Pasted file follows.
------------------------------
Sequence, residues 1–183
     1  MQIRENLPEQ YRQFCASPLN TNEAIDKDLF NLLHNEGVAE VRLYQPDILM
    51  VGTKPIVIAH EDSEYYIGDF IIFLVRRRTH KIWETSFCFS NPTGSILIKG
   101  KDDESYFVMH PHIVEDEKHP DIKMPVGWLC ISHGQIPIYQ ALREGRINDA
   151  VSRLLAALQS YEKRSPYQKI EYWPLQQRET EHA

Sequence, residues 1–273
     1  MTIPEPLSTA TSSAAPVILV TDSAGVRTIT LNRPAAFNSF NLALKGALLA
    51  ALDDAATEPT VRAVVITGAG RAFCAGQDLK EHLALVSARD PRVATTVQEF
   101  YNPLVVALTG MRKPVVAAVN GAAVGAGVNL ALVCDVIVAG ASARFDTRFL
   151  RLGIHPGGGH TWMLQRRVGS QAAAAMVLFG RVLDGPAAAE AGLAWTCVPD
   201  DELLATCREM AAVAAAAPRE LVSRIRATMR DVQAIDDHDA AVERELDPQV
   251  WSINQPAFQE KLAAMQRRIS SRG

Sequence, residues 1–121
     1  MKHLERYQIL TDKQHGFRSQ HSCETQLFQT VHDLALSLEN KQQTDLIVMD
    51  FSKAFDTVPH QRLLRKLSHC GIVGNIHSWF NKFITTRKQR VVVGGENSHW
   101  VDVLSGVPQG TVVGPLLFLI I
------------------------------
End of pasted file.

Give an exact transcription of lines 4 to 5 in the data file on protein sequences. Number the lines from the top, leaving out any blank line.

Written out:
   101  KDDESYFVMH PHIVEDEKHP DIKMPVGWLC ISHGQIPIYQ ALREGRINDA
   151  VSRLLAALQS YEKRSPYQKI EYWPLQQRET EHA